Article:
This paper will focus and investigate the SMART car sculptured by Micro Compact Car (MCC), a wholly owned subsidiary of Daimler-Benz. Hambach, France was chosen as the production site, where the main suppliers were integrated in a supplier’s park called “Smart Ville”. MCC used such supply chain practices which were never used before such as supplier involvement, outsourcing the main manufacturing and modular production. Complete modules were attached in the rigid body frame called “Tridion”. The lead time is just under 5 hours, which is exceptionally good in automobile industry. However, the management of MCC is facing some issues related to manage and control the supply chain where MCC just contributes 15% of value added. The case study “Smart Car and smart logistics” gained special attention from the academics and automobile professionals.
“Difficult situations inspire ingenious solutions” (English proverb).It is true with Smart car. The scarcity of parking spaces and pressure exerted from the environment friendly pressure groups induce the organisations to think artistically. Daimler-Benz and Swatch are the two companies which came upwith the joint venturetoproduce the idea of Micro Compact Car (MCC) or simply the Smart Car. The thinking was to combine the talents and values of both companies to create a conceptually new car (see appendix). The manufacturers aimed at manufacturing wallet friendly, city friendly and eco-friendly without compromising the individual mobility concept. MCCused innovative practices in the industry such as: customization, waiting time were shorten, suppliers co-invested in the project and final assembly was merely 10% of the production cost price. About 80% of the smart car can be recycled (dirt to dirt). This bears a resemblance to“the functional chain awareness school” indicated by Bechtel and Jayaram (1997).This model is very close to porter’s value chain which explicitly mentions flow of goods. The car is built around a potent body frame also called "Tridion”to which modules are assembled. Smart car comprises of five main modules; the platform, the powertrain, the doors and roof, the electronics and the cockpit. The modules are supplied in a unique arrangement for final assembly. Most of the suppliers are fully incorporated at the production site. Suppliers supply “suppler modules” based on a postponed purchasing approach. Modules are bought by the MCC only when they are required in the assembly process (postponed purchasing). The car is moved along the work stations of the assembly line, which has a lay-out in the form of a plus sign (see appendix). In this way, the “integrated suppliers” are able to supply their modules directly into the final assembly line on the basis of “Just in Time”. Waters (2009) defined the JIT as a concept that “organises all activities to occur at the exactly the same time they are needed”.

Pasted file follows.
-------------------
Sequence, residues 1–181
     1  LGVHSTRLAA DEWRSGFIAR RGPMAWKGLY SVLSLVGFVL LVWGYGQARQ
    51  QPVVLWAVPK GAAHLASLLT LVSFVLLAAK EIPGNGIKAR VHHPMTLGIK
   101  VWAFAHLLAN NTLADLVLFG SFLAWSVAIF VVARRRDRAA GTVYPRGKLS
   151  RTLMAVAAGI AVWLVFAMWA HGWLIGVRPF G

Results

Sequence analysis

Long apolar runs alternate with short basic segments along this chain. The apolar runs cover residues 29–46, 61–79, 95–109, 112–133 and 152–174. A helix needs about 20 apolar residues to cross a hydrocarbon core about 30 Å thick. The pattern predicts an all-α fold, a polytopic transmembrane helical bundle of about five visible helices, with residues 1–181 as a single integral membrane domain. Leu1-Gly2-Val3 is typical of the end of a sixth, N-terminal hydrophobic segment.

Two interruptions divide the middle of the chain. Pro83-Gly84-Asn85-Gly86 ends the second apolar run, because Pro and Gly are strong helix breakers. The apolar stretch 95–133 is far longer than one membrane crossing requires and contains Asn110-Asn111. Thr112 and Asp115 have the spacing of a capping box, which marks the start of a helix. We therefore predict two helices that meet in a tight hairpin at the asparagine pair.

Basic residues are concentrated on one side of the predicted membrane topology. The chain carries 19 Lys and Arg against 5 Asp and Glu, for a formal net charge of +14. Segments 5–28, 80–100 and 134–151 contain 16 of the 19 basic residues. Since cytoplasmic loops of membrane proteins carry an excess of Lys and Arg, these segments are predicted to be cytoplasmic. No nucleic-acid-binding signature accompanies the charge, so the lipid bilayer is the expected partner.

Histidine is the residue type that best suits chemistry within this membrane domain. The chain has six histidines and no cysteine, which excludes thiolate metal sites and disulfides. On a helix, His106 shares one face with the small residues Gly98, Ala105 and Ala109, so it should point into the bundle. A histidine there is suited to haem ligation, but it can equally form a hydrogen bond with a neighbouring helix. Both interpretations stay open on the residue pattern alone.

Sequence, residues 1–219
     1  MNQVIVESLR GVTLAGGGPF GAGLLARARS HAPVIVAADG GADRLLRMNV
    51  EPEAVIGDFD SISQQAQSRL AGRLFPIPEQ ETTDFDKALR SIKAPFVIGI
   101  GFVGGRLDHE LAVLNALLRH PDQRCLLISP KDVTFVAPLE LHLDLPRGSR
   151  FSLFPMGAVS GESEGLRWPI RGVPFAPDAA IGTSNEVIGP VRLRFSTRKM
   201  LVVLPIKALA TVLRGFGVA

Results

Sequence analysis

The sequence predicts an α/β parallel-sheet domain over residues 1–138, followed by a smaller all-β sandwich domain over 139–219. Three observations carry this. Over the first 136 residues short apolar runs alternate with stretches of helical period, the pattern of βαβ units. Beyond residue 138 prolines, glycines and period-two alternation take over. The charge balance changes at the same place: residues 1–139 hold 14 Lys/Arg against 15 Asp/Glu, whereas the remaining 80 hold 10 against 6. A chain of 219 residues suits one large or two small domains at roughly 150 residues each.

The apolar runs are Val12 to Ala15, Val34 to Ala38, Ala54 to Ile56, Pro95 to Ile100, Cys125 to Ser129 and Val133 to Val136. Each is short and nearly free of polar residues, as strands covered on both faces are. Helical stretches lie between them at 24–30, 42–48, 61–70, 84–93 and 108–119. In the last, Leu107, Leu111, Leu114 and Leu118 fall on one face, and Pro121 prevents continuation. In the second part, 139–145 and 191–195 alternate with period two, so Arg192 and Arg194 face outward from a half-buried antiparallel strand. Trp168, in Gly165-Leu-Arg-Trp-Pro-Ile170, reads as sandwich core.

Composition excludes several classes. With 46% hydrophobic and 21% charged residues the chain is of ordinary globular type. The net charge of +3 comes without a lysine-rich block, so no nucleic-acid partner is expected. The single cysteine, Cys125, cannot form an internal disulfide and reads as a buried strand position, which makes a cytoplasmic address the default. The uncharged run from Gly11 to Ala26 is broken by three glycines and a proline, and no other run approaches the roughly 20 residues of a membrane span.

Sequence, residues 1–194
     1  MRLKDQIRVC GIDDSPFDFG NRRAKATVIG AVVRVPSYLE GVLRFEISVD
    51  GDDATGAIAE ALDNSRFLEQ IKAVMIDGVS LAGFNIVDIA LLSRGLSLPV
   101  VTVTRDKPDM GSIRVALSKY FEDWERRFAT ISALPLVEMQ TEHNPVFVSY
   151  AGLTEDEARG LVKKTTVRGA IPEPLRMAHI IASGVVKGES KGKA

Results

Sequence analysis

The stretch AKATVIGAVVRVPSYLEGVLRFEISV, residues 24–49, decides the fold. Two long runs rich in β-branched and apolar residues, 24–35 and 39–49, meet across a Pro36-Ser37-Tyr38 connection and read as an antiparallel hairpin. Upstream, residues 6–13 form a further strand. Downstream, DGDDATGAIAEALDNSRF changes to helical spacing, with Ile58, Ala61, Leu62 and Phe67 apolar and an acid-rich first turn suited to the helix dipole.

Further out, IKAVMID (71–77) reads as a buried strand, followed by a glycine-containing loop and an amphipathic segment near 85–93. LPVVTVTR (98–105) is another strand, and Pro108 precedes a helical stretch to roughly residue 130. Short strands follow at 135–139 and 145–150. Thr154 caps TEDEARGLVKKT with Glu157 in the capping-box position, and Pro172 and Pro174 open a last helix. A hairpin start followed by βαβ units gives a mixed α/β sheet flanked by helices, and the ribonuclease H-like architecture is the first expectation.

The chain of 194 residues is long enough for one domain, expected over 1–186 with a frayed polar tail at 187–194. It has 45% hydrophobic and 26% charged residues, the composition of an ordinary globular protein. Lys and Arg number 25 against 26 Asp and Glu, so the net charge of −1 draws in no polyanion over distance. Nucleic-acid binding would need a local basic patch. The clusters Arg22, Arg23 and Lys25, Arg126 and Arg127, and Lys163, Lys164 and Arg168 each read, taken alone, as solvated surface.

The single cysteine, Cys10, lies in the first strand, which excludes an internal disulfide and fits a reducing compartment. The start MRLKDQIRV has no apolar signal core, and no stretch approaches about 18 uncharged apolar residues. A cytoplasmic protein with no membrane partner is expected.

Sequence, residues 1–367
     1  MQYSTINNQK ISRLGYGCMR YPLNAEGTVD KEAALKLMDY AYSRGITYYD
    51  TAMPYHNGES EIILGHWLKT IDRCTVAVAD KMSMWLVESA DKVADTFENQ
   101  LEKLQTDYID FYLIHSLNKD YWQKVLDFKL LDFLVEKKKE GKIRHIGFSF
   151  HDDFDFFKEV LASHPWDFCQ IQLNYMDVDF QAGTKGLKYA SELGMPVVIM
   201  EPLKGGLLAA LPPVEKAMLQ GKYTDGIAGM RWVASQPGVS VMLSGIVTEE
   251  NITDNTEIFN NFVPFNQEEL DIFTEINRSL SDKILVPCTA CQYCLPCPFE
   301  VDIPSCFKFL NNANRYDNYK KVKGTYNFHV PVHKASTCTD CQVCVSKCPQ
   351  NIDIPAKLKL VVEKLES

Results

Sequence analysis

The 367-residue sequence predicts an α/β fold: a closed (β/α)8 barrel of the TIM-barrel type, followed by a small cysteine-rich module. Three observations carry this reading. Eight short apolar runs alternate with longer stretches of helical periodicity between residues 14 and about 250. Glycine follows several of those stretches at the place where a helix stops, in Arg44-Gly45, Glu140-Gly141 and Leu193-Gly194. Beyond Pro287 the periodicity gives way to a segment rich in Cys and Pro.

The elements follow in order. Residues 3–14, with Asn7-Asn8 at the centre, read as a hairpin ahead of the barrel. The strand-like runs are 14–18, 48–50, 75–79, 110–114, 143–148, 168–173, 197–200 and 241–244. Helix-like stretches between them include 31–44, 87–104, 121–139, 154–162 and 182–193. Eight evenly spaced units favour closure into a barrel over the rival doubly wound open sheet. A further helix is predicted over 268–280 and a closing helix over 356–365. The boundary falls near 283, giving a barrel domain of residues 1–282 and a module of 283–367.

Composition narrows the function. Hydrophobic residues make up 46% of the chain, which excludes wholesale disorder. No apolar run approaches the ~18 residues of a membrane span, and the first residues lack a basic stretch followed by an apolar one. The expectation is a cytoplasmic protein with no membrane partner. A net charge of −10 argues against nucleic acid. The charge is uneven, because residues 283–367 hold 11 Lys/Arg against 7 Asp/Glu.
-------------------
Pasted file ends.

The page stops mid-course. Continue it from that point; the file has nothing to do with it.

The mastermind of the project chose to locate the production site strategically at the heart of logistics of Europe, Hambach. Around 60% of the population of EU can be reached within 24 hours. The length, breadth and height of the smart car are only 2.5, 1.51 and 1.53 metres respectively, thusmakingmost of the parking space. Smart car was first introduced in 9 European countries: Belgium, France, Spain, Italy Austria, Switzerland, Netherlands, Germany and Luxembourg.
MCC introduced a new level of integration in supply chain. They go beyond the existing practices assuppliers’ involvement, outsourcing and modular manufacturing. System partners are deeply involved in planning and designing process of the Smart car.This depicts the characteristics of “The Integration/ Process School”. Cooper, Lambert Pagh (1997, p.2) gave the definition of integration school as “the integration of business process across the supply chain is what we are calling supply chain management”. In all 85% of the total added value in the product come from the...